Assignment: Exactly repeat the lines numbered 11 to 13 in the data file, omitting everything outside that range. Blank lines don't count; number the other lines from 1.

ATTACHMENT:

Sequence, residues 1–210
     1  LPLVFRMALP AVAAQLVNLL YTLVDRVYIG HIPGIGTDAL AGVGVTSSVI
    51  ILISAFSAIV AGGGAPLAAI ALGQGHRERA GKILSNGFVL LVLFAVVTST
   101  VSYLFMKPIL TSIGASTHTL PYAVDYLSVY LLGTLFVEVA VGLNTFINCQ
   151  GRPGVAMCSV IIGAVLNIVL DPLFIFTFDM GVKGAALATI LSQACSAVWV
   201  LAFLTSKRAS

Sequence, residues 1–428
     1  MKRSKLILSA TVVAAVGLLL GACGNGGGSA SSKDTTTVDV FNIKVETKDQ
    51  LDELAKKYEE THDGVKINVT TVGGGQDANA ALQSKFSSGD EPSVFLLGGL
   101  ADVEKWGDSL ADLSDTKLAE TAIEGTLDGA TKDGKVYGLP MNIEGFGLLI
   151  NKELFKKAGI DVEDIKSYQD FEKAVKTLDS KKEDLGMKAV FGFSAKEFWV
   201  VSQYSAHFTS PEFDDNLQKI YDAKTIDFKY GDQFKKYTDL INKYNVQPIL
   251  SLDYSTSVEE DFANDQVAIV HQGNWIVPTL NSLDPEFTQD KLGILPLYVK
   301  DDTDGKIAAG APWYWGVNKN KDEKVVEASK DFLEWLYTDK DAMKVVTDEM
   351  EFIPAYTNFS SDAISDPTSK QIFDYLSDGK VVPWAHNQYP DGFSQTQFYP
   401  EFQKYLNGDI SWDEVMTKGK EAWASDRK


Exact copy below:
   151  NKELFKKAGI DVEDIKSYQD FEKAVKTLDS KKEDLGMKAV FGFSAKEFWV
   201  VSQYSAHFTS PEFDDNLQKI YDAKTIDFKY GDQFKKYTDL INKYNVQPIL
   251  SLDYSTSVEE DFANDQVAIV HQGNWIVPTL NSLDPEFTQD KLGILPLYVK